Now that you know why SI joint pain happens (instability), we can see a huge flaw in the study. It took the IPM approach (inject steroids into the joint) and simply substituted PRP for the steroid. It never attempted to use the PRP to treat the instability and ligaments.
There may well be other serious flaws with the research, but the full text of the publication is not yet out, so a more comprehensive critique will have to wait. What I can say is that 26 patients are usually not enough for an RCT with the effect sizes commonly seen in this sort of comparative study. Meaning every time we have run a power calculation for our own RCTs, about fifty patients (or more) is often the minimum study size. You can tell this was an issue here as the authors resorted to running a “responder analysis”. That’s when you try to determine if two groups with similar statistical means have one arm with more patients who reported positive responses. You never run this sort of secondary analysis if the differences between the groups are clear.
What Have Others Found?
A larger similar study using 40 patients and the same intra-articular technique also compared steroids to PRP to treat SI joint pain (4). They found the opposite. That PRP worked better at 6 weeks and 3 months when compared to a steroid. They also found that while steroids worked great early on, the effect didn’t last. Hence, this issue of steroid versus PRP to treat SI joint pain is far from settled.
IPM vs. Interventional Orthobiologics
I hope this blog has helped you understand that just switching out PRP for a steroid shot is likely not the right way to go when treating the spine. The advantage of Orthobiologics is that we can treat instability and the function of the spine by targeting ligaments. However, that’s just not part of the current IPM approach.
On the other hand, I also want to recognize a problem with studying a functional Orthobiologics approach that may have impacted the decision-making in this study. For example, we recently began to seek IRB approval for a PRP lumbar DDD study. The easy thing to do would be what they did here, which is to just substitute PRP for steroid and create two groups that way. However, while that’s the cleanest study design, that would cause the same problems. What we actually did was much harder. We defined how and when various structures should be treated with PRP and then compared that to a sham procedure. That requires the patient to be placed asleep with IV sedation while the doctor places needles in their back, but doesn’t inject. That study, even once completed, will likely be harder to get published as it’s trying to replicate what’s done in the everyday practice of Interventional Orthobiologics.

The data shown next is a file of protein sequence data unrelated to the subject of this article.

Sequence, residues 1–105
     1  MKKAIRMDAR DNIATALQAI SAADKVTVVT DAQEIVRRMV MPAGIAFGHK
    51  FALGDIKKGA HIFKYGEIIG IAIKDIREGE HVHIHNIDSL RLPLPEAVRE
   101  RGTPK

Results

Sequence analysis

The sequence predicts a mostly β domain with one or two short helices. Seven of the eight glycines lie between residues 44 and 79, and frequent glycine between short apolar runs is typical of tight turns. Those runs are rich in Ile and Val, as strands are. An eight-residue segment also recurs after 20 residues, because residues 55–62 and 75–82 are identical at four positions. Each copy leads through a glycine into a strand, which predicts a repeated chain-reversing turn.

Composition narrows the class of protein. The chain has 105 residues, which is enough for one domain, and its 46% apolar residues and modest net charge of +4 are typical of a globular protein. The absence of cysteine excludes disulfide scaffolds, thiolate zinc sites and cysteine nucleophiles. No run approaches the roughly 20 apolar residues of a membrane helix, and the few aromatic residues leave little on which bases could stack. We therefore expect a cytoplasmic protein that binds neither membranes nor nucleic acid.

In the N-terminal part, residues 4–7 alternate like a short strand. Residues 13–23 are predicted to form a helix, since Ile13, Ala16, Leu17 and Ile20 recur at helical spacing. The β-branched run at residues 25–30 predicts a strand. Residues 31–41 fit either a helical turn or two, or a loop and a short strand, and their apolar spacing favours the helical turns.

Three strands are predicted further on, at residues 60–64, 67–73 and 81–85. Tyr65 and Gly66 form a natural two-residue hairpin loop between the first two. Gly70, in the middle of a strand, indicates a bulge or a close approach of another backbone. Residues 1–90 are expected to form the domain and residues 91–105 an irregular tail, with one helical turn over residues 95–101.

The upshot? In my clinical experience, chronic SI joint pain is easy to treat with Orthobiologics like PRP. However, I do have serious concerns that most IPM practitioners aren’t getting the memo about Orthobiologics changing what should be treated., This new study is a great example of how just switching out one injectate (steroid) with another (PRP) is likely hamstringing the Orthobiologic approach.
(1) Hamidi-Ravari, B., Tafazoli, S., Chen, H. et al. Diagnosis and Current Treatments for Sacroiliac Joint Dysfunction: A Review. Curr Phys Med Rehabil Rep 2, 48–54 (2014). https://doi.org/10.1007/s40141-013-0037-7
(2) Lee DW, Patterson DG, Sayed D. Review of Current Evidence for Minimally Invasive Posterior Sacroiliac Joint Fusion. Int J Spine Surg. 2021;15(3):514-524. doi:10.14444/8073
(3) Chen AS, Solberg J, Smith C, Chi M, Lowder R, Christolias G, Singh JR. Intraarticular Platelet Rich Plasma vs Corticosteroid Injections for Sacroiliac Joint Pain-a Double Blinded, Randomized Clinical Trial. Pain Med. 2021 Nov 24:pnab332. doi: 10.1093/pm/pnab332. Epub ahead of print. PMID: 34850180.
(4) Singla V, Batra YK, Bharti N, Goni VG, Marwaha N. Steroid vs. Platelet-Rich Plasma in Ultrasound-Guided Sacroiliac Joint Injection for Chronic Low Back Pain. Pain Pract. 2017 Jul;17(6):782-791. doi: 10.1111/papr.12526. Epub 2016 Dec 1. PMID: 27677100.